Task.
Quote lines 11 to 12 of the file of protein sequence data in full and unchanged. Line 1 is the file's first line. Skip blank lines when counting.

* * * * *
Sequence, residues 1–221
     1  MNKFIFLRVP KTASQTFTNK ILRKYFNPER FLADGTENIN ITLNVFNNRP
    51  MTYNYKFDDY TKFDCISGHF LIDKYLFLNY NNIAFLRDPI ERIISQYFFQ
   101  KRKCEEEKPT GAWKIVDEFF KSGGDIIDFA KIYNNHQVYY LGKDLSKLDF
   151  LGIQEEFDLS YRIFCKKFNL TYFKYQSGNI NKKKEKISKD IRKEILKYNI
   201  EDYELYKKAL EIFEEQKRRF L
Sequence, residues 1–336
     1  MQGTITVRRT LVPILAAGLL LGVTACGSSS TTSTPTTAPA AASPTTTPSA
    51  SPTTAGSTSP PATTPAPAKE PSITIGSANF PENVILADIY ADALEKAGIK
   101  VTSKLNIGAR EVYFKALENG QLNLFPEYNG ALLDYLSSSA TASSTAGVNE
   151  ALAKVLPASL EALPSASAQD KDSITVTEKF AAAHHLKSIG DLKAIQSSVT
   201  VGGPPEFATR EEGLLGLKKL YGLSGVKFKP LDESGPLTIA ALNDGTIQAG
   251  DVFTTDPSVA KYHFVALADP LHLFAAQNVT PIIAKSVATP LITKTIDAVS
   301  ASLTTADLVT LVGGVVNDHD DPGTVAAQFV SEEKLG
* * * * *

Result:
   151  ALAKVLPASL EALPSASAQD KDSITVTEKF AAAHHLKSIG DLKAIQSSVT
   201  VGGPPEFATR EEGLLGLKKL YGLSGVKFKP LDESGPLTIA ALNDGTIQAG